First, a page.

Wheel size, optional 8.0J×18
Tire size, front P225/40R19
Tire size, rear P255/35R19
Tire size, optional P225/45R18
Spare Tire Temporary Tire

Brakes:

Brake Type front/rear Brembo4-Wheel Disc (Vented Front and Rear)
Size (in.) front/rear 13.8 in. / 13.4 in.
Brake caliper, front/rear Four piston / Two piston
Parking brake type Electronic Parking

Interior

Interior Specs

Head room
Front (in.) 38.3 in.
Rear (in.) 37.0 in.
Leg room
Front (in.) 42.6 in.
Rear (in.) 36.4 in.
Shoulder room
Front (in.) 56.4 in.
Rear (in.) 54.8 in.
Hip room
Front (in.) 55.5 in.
Rear (in.) 56.1 in.
Passenger capacity (cu. ft.) 93.8 cu. ft.
Cargo area capacity (cu. ft.) 23.3 cu. ft.
Total interior capacity (cu. ft.) 117.1 cu. ft.

 

The Stinger boasts front seats perfectly comfortable for long-haul driving, and the rear is more than adequate for adults, despite some of the car’s long wheelbase being sacrificed for the space-inefficient longitudinal driveline layout. That drivetrain has little effect we can discern on a vast trunk that can be expanded by folding the rear seats.

One of my few misgivings about this car is Kia’s decision to attach such an aggressive-sounding name to it. Don’t get me wrong: The Stinger is a great performer, but there’s a lot more to it than getting places quickly.

2018 Kia Stinger GT Price & Value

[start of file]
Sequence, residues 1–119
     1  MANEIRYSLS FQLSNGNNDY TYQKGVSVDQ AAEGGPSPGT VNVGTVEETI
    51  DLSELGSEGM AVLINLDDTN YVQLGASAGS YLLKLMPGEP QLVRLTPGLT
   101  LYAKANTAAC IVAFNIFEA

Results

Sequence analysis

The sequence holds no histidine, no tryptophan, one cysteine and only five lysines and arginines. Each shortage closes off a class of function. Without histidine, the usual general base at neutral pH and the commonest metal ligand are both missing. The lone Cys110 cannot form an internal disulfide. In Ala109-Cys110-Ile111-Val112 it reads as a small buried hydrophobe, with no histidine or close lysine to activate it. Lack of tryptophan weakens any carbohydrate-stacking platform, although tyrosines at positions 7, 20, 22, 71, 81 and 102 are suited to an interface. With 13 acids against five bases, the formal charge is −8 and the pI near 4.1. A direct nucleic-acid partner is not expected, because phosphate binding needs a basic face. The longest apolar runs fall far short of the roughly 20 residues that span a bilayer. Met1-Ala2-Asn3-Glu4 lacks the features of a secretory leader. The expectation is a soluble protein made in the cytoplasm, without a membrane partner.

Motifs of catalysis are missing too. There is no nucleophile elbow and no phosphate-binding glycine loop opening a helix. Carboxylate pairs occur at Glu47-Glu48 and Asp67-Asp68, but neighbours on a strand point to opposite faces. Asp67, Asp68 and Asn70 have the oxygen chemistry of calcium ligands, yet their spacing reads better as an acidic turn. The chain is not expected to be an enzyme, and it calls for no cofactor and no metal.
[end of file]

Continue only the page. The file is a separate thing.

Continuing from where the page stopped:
Taken as a whole, the Stinger feels more expensive than its starting price, and its performance and quality still feel like a bargain. That’s a phenomenon we’ve become accustomed to in Kia’s recent models, but the company has taken that concept a lot further here, creating a vehicle that deserves to be considered alongside some of the world’s best upscale cars.

You might like this too: 2019 Stinger GT Gets Aggressively-Styled DUB Treatment for SEMA

Stinger GT Photos

© Amee Reehal

Chris Chasehttps://chrischasescars.com/
Chris has been writing professionally about cars since 2004, in print and online. He lives in Ottawa with his wife and two feline tyrants. In rare quiet moments, he can be found travelling or playing one of his way-too-many guitars. Chris is also a journalist member of the Automobile Journalists Association of Canada (AJAC).